In the Presence of Salvation1
Zacchaeus stood up and said to the Lord, “Look, Lord! Here and now I give half of my possessions to the poor, and if I have cheated anybody out of anything, I will pay back four times the amount.” Jesus said to him, “Today salvation has come to this house, because this man, too, is a son of Abraham. For the Son of Man came to seek and to save the lost.
- Luke 19:8-10
We close this week by looking at Zacchaeus’ response to Jesus’ initiative in his life: repentance. When we’re first introduced to Zacchaeus, we’re told that he’s both wealthy and a chief tax collector.
His wealth would have been increased by his participation in his local tax franchise, but it might also have existed independently of this particular source of income. In the ancient world, in the absence of a middle class, it was often the already wealthy who collected taxes from the poor, fueling animosity between different levels of the economic strata.
Zacchaeus’ decision to give half his possessions to the poor and to pay back four times as much as he had cheated would have had radical social implications for him. Already despised by much of the local population, this move would have made him unpopular with his tax collecting peers and employees. The ripples of change often become waves of resentment. And they probably wouldn’t have done anything to quell the voices saying that Jesus shouldn’t be spending time with Zacchaeus.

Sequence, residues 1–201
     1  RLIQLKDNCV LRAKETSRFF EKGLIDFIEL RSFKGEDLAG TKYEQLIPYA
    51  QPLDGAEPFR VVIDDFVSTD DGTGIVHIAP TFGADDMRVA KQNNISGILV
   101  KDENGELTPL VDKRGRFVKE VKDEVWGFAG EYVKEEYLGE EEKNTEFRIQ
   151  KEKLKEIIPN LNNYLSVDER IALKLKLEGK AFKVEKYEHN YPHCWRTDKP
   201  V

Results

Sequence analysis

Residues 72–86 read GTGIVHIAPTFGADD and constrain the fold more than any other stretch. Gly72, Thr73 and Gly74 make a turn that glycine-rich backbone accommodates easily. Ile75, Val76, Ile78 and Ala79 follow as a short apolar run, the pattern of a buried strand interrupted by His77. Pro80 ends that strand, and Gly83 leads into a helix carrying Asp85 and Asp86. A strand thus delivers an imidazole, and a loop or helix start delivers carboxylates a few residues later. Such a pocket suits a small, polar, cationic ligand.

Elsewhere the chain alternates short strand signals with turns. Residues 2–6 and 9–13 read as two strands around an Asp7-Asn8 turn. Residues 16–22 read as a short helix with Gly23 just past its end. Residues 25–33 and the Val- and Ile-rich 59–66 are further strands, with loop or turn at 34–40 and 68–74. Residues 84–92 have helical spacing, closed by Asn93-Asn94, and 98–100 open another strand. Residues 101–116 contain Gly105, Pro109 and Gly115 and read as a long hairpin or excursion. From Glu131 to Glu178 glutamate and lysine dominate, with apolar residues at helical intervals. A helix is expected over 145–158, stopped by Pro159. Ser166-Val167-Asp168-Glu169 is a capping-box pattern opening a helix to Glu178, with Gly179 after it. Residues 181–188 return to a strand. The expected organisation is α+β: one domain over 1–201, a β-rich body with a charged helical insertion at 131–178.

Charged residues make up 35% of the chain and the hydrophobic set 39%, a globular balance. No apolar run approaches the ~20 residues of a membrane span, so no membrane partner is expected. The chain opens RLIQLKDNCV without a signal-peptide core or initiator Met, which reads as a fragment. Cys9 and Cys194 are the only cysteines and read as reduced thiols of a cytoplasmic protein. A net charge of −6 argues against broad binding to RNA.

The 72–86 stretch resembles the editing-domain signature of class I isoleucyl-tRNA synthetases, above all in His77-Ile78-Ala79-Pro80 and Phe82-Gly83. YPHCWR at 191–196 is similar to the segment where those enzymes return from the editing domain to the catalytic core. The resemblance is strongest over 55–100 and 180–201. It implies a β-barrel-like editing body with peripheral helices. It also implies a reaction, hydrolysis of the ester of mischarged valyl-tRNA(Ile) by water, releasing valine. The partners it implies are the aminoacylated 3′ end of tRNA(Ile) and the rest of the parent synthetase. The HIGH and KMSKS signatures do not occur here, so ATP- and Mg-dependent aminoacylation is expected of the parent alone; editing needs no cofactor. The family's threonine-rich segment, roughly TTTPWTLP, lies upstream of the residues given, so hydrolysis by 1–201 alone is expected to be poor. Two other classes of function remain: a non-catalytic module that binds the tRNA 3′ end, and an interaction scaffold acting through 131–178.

Why did he do it?
Something had changed in Zacchaeus. His place in the social hierarchy would no longer define him. He would no longer hide aloof from the crowd. He would move toward people because God had moved toward him.
Jesus captures the moment with a delightful pun hidden in the original languages. His name ‘Jesus’ literally means “Jehovah is salvation.” So, when Jesus says: “Salvation has come to this house,” he’s just a half step away from saying: “Jesus has come to this house.” And you always know something interesting is about to happen when people start talking in the third person.
Salvation didn’t come to Zacchaeus because he gave away a lot of money. Instead, Zacchaeus’ relationship with money took a back burner to his relationship with the poor and his local community once salvation came to his house, once Jesus came to his house. Jesus’ presence changed Zacchaeus. Sure, he had choices to make. And he made them voluntarily. But he needed a nudge.
Where is Jesus offering you a nudge toward repentance? How is his presence in your life changing your relationships? Where do you need to make a change?